Children of Morta is a roguelike RPG by Dead Mage, published by This War of Mine studio 11 bit. It’s out today for PC, with PS4, Xbox and Switch versions coming in October. I’ve played pieces of it over the years, and now that I have the full game, it’s as solid and fun to play as I was hoping.
I played a demo of Children of Morta early last year, and over the summer Kotaku video producer Paul and I sat down with some folks from 11 bit to play a more recent build. The game has expanded in that time, adding new systems and areas, but the core remains the same.
You control the members of the Bergson family, adventurers who have to protect their land from an evil called the Corruption. You do this by delving into dungeons and fighting hordes of monsters, and dungeons culminate in a boss fight that opens up the next area. The layout of the dungeons changes every time you play, as do some of the powers you gain on your runs. Between runs, you learn more about the family and the world they inhabit. It’s all done up in lush, highly-detailed pixel art that makes the world feel lived-in and dense.
Each Bergson has a different skillset. John has a sword and a shield that blocks damage. His son Kevin has daggers and can gain the ability to throw knives in all directions. His daughter Linda shoots arrows, while youngest child Lucy throws fireballs. Characters unlock different abilities on their personal skill tree with points they earn through dungeon runs.
Using money you find in the dungeons, you can also buy upgrades that extend across family members to increase their health, damage, or critical chance. These shared upgrades mean unlocking a new character doesn’t put them far behind the others; I found that one run through the first dungeon was more than enough to make new characters viable for the tougher dungeons. Characters play very differently, making some encounters harder than others, but so far they’ve all been able to hold their own in my solo runs.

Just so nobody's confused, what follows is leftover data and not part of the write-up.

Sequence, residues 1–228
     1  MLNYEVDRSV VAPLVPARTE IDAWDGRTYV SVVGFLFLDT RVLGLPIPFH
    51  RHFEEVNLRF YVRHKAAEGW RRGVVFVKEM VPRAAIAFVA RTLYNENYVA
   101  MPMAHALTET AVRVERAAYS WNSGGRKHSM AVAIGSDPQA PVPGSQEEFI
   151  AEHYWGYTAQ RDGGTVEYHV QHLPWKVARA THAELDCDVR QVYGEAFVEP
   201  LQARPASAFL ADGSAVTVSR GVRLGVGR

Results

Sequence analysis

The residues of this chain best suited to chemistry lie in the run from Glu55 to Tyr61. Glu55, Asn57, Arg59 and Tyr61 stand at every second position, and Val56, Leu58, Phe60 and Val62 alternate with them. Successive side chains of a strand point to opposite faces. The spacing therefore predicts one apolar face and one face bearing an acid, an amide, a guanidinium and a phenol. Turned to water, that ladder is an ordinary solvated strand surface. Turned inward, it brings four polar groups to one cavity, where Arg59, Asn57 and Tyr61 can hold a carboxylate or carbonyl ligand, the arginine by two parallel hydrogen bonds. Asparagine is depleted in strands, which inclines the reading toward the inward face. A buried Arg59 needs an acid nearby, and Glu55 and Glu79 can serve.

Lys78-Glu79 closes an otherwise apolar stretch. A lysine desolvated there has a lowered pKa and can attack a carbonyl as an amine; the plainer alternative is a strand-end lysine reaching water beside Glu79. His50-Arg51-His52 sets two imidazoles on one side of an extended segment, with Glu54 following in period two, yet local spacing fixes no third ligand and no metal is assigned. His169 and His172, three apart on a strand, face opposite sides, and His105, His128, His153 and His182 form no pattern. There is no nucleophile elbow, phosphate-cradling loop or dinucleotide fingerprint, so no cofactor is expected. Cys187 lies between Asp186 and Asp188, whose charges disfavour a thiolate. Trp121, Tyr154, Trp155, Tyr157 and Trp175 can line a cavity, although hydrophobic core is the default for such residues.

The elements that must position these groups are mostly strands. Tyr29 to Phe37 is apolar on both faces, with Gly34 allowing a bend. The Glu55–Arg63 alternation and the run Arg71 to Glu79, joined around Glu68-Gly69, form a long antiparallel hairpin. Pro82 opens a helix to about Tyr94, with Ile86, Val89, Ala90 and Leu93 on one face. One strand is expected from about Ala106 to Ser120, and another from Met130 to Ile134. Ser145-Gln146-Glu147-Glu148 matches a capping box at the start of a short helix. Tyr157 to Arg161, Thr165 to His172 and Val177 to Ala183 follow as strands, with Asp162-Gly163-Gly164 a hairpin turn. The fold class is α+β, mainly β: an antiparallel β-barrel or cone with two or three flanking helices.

Characters can become afflicted with fatigue and be less effective for a time, encouraging you to switch things up. The game is also playable co-op, and AI characters sometimes join you in solo play. The combination of a melee and ranged character makes dungeons much easier, especially when enemies mob you, but I never felt like I wasn’t getting the full experience by playing alone.
You also gain temporary powers while you play. The dungeons are littered with artifacts and obelisks that can restore your health between floors, create a damage-dealing aura around you, or give you a companion that heals you or hurts enemies.
Once I got an ability that let me summon a dragon from the floor to fight with me, which was immensely helpful in addition to looking cool as hell. Some of these abilities are passives, while others are one-use or recharge over time. While there can be a bit of RNG involved, I’ve rarely had a run ruined by failing to find the right items, and they make each journey into the dungeon feel different.
You’ll encounter small sidequests while you play, like finding certain items or fighting unique enemies. Other areas have minigames, like “Pong of the Gods” (exactly what it sounds like) or memory puzzles. I often fell afoul of the latter, selecting the wrong buttons and repeatedly unleashing enemies that chipped away at my health, but these puzzles made for nice changes of pace from the dungeons’ abundant combat.